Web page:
Cloud Computing Definition
By Dexter Duncan
With all the hoopla going around about Cloud Computing, we thought it worthwhile to share a more formal definition from a reputable body. The below is information available from the National Institute of Standards and Technology (NIST) which is “responsible for developing standards and guidelines, including minimum requirements…for use by Federal (USA) agencies.” The definition of cloud computing includes three service models, five essential characteristics and four deployment models.
In an earlier article, we showed how cloud computing has three service models of:
1) Software as a Service (SaaS) – most prominent players in this area include Salesforce.com and other hosted CRM packages such as Microsoft’s CRM 2011. The idea is that you use a web browser to access the application which is managed by someone else. You only pay for the number of users each month and are not responsible for the infrastructure such as network, servers, operating system, storage, etc. Most businesses will be familiar with this service model.
2) Platform as a Service (PaaS) – Most prominent players are Google and Microsoft Azure. This service model is more for developers as you generally use the programming language and tools of the provider which allow you to deploy a cloud service or application into the cloud.
3) Infrastructure as a Service. This is the on-demand hosting of your compute or storage needs. The most common player is Amazon, but in Australia it includes Melbourne IT, Macquarie Telecom and others. You generally have control over operating system, storage and deployed application, but do not manage or control the underlying infrastructure.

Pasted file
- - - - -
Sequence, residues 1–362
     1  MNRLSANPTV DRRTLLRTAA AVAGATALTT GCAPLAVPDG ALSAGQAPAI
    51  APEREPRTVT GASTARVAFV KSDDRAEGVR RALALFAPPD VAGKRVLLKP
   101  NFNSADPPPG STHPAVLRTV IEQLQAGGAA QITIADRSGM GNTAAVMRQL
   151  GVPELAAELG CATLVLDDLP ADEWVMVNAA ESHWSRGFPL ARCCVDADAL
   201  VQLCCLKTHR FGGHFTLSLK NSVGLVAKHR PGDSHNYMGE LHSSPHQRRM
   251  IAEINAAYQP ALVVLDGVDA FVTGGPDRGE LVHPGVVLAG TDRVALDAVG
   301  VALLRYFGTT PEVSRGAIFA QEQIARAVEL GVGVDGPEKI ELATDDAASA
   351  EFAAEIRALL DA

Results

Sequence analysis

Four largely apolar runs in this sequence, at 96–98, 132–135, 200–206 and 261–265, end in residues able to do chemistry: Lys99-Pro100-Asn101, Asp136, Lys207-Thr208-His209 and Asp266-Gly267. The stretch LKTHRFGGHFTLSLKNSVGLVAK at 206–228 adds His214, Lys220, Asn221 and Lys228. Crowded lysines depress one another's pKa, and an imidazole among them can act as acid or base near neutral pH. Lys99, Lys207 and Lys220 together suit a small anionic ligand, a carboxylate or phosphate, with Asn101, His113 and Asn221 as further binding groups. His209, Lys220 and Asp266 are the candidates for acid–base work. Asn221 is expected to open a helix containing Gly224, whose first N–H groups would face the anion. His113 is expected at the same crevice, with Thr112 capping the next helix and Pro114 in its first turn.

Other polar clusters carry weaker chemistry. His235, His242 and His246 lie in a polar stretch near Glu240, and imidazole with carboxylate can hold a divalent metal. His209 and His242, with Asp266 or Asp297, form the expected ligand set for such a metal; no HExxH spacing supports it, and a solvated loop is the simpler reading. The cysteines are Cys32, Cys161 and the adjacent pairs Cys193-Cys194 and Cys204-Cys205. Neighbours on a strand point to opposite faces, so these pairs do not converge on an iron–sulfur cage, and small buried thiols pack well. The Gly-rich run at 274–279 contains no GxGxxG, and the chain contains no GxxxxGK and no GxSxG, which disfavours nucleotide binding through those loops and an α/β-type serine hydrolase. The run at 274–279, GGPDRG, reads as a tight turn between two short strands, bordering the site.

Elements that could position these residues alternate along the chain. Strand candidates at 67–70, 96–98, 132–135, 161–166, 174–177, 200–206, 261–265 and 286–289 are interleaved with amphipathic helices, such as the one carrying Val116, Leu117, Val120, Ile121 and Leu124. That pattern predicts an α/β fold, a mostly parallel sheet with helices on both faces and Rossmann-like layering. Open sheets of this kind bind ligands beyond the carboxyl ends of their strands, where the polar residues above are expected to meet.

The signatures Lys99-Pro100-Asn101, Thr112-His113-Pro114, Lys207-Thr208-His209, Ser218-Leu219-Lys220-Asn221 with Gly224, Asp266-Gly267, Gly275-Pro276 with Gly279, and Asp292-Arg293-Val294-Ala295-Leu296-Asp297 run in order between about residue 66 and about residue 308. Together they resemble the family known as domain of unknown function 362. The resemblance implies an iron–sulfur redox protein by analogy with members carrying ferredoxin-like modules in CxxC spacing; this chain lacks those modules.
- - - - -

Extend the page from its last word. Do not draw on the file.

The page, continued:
NIST covers the below five essential characteristics of cloud computing. “The cloud infrastructure is the collection of hardware and software that enables these five essential characteristics”. We have modified/edited to make it easier to understand.
Five Essential Cloud Characteristics
1) Demand based self-service – dynamic provisioning allowing you to self manage or schedule your usage. This includes pricing and accounting modules allowing you to pay as you go (PAYG).
2) Broad Access – You can access from anywhere and on multiple devices including mobile phones, tablets, laptops and regular computers.
3) Resource Pooling – a.k.a. Resource Sharing or ability to host multiple users and applications across the same infrastructure. This means multiple tenants sharing same pooled compute, network bandwidth, memory and storage resources which are dynamically assigned according to demand.
4) Rapid Elasticity – Ability to rapidly add and let go of resources based on demand and service quality. This includes ability to look at and change the Quality of Service (QoS) based on business needs. Ideally, this is automatic and can include adding “unlimited” resources to handle “peak” times.
5) Measured Service – Includes the ability to monitor, reserve, meter and charge in a transparent fashion.
The NIST goes further by giving four different deployment models:
Four Deployment Models:
1) Private Cloud – provisioned for a single organization, but may be owned and managed by third party or in-house.
2) Community Cloud – for exclusive use by specific groups that have shared interests or concerns. A hypothetical example is the CommonWealth Bank setting up a Community Cloud for other banks.
3) Public Cloud – provisioned for anyone in general public.
4) Hybrid Cloud – combination of two or more of above (private, community or public) but bound together by technology that allows data and application portability (e.g. load balancing between clouds).
Wow! That is a big definition! If you need help understanding how you can use cloud computing to improve your business, be sure to contact your local technology partner.
See our website for more:
About the author: Dexter Duncan is a Manager at Empower IT Solutions. Contact Dexter at dd@EmpowerIT.com.au
- The National Institute of Standards and Technology (NIST) definition of Cloud Computing. September 2011. NIST special Publication 800-145, Peter Mell & Timothy Grance.
- Cloud Nerve Network article on “The Structure of the New IT Frontier: Market Oriented Computing. December 2009. Christian Vecchiola, Dexter Duncan and Rajkumar Buyya. https://texdexter.wordpress.com/2009/12/21/cloud-computing/